New York City forum on Chile uprising, myth of ‘Thanksgiving,’ surge of U.S. strikes

Nieves Ayress Moreno

The New York chapter of Workers World Party held a forum on Nov. 2 featuring three dynamic women speakers on important struggles at home and abroad. Stephanie Tromblay, Huron/Metis nonstatus and of mixed Southeast Indigenous heritage, officially opened the meeting by reminding everyone:

“We meet on stolen Lenni-Lenape homelands — the Lenapehoking. Workers World Party looks toward the day that all Indigenous nations’ land claims are paid in full, from the Wampanoag lands at the Cape [Massachusetts] to the Ohlone lands in the San Francisco Bay Area, from the Appalachians to the Rockies.”

She went on to speak about the significance of the 50th National Day of Mourning and the racist myth of “Thanksgiving.” Explaining the origins of NDOM, Tromblay said,

“In 1970, an Aquinnah Wampanoag man, Wamsutta Frank James, who had been asked to speak at a fancy Commonwealth of Massachusetts banquet celebrating the 350th anniversary of the landing of the Pilgrims, was told by a representative of the Department of Commerce and Development that he wouldn’t be allowed to give his speech.

“[Wamsutta] used one of their own history books as a basis for his talk — a Pilgrim’s account of their first year on Turtle Island. The book told of their opening his ancestor’s graves, stealing the Wampanoag villages’ food supplies, selling his ancestors as slaves for 220 shillings each.

“Back in 1970, the organizers of the fancy state dinner told Wamsutta they would only let him speak if he agreed to deliver a speech that they would write. Instead, Wamsutta and hundreds of Indigenous people and supporters gathered in Plymouth and observed the first National Day of Mourning.

“Only Indigenous people spoke at Day of Mourning, and that is true to this day.” The demand for the freedom of Indigenous political prisoner Leonard Peltier is also raised at NDOM, along with a solidarity statement written by him.” (Hear the entire talk at

‘Workers can fight back and win through people power’

Siddika Degia, a Peoples Power Assemblies/NYC organizer and student at CUNY School of Labor and Urban Studies, spoke on the upsurge of U.S. strikes in 2019 — the highest since 1986. An estimated 85,000 workers participated in 13 different strikes the week of Oct. 21, Degia said. She explained about the nature of the strikes:

“All these 13 strikes across the country have not been about unions or about wages and health insurance. Strikes are never about the wages or health insurance no matter how much the ruling class would like you to believe.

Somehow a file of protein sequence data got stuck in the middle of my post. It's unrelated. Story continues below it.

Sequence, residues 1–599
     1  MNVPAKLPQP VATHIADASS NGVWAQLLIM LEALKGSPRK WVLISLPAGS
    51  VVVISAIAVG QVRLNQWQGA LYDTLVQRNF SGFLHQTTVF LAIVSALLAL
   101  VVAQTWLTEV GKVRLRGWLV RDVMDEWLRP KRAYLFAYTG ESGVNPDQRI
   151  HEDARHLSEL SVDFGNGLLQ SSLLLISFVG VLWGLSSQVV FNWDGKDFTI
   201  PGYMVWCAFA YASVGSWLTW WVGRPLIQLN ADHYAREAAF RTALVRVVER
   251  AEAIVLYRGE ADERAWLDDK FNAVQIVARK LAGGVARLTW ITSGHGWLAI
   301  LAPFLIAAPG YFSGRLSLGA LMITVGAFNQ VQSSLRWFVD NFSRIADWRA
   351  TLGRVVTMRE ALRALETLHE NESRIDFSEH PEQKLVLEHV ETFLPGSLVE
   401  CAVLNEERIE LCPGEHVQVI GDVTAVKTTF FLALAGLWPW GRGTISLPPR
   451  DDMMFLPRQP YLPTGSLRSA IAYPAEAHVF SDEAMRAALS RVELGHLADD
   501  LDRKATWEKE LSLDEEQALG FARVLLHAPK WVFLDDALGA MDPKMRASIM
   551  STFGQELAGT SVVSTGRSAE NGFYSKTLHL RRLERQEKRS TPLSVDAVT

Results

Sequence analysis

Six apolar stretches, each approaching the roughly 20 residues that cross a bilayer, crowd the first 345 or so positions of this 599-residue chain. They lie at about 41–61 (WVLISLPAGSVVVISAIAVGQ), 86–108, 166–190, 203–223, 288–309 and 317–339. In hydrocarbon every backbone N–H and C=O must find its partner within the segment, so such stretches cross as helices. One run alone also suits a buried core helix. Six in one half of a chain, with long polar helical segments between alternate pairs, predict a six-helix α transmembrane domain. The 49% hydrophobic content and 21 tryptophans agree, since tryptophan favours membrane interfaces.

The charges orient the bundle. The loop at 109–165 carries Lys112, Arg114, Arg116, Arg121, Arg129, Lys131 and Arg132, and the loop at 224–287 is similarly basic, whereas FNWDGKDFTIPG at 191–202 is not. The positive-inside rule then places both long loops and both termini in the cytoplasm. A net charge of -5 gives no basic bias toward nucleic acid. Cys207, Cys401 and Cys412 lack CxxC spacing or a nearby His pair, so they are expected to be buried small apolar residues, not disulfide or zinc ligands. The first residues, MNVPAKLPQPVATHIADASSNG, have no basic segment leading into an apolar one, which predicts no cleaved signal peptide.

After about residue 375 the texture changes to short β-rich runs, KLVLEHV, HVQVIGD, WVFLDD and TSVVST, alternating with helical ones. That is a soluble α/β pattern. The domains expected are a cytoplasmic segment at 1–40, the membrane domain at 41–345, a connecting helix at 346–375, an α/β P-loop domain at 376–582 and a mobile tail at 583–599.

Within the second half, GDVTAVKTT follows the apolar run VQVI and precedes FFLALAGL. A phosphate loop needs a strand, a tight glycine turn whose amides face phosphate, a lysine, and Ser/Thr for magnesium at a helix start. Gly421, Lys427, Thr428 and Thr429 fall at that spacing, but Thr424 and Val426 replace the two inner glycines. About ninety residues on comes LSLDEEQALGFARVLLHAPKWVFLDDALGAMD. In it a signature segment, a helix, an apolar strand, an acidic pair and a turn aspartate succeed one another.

“Strikes are about the rank and file fighting for all the working class. Workers demanding change because they are feeling the burden of capitalism and want better lives.”

Degia stated, “These are workers fighting for things like unionizing or better work conditions or even things like getting ICE [Immigration and Customs Enforcement] out of Greyhound or cops out of the subway. Often undocumented workers and Black and Brown workers are the most vulnerable workers in the USA because they are criminalized in this country.

“When unionizing, or fighting for their rights, workers often call out ICE on its treatment of undocumented workers. Yet, demos like ICE off Greyhound — a migrant-led movement — or Peoples Power Assemblies/NYC organizing around the subway fare-evasion campaign lets workers know that they can fight back and win through people power.” (Hear Degia’s entire talk at

Youth rebellion rocks Chile

Nieves Ayress Moreno, from the La Peña del Bronx movement and a former political prisoner of the civil-military dictatorship of Augusto Pinochet in Chile during the early 1970s, a regime backed by U.S. imperialism, spoke about the current uprising in Chile.

Ayress Moreno began her summary by saying that the Nov. 1 protest against the racist policing of Black and Brown youth in the New York City subways was very similar to Chilean high school students rebelling against fare hikes. She stated that in Santiago alone, 7,000 people have been arrested and their whereabouts are unknown. More than 1,500 have been injured.

Part of her written statement reads: “The violent reaction by [President] Piñera toward the youth angered Chilean civil society. The young people reminded Chilean society that it is not merely about the increase of the fare but 30 years of economic policy to privatize the whole country. Chileans are sending a warning to the world about waking up to the nightmare of the neoliberal market.

“Neoliberal policy privatizes education, it privatizes water, it privatizes health, it privatizes social security, it privatizes transportation, it lowers the wages of the workers to subsidize the rich. The Chilean people say, ‘They took away so much that they even took away our fear.’” (To hear Ayress Moreno’s comments, go to

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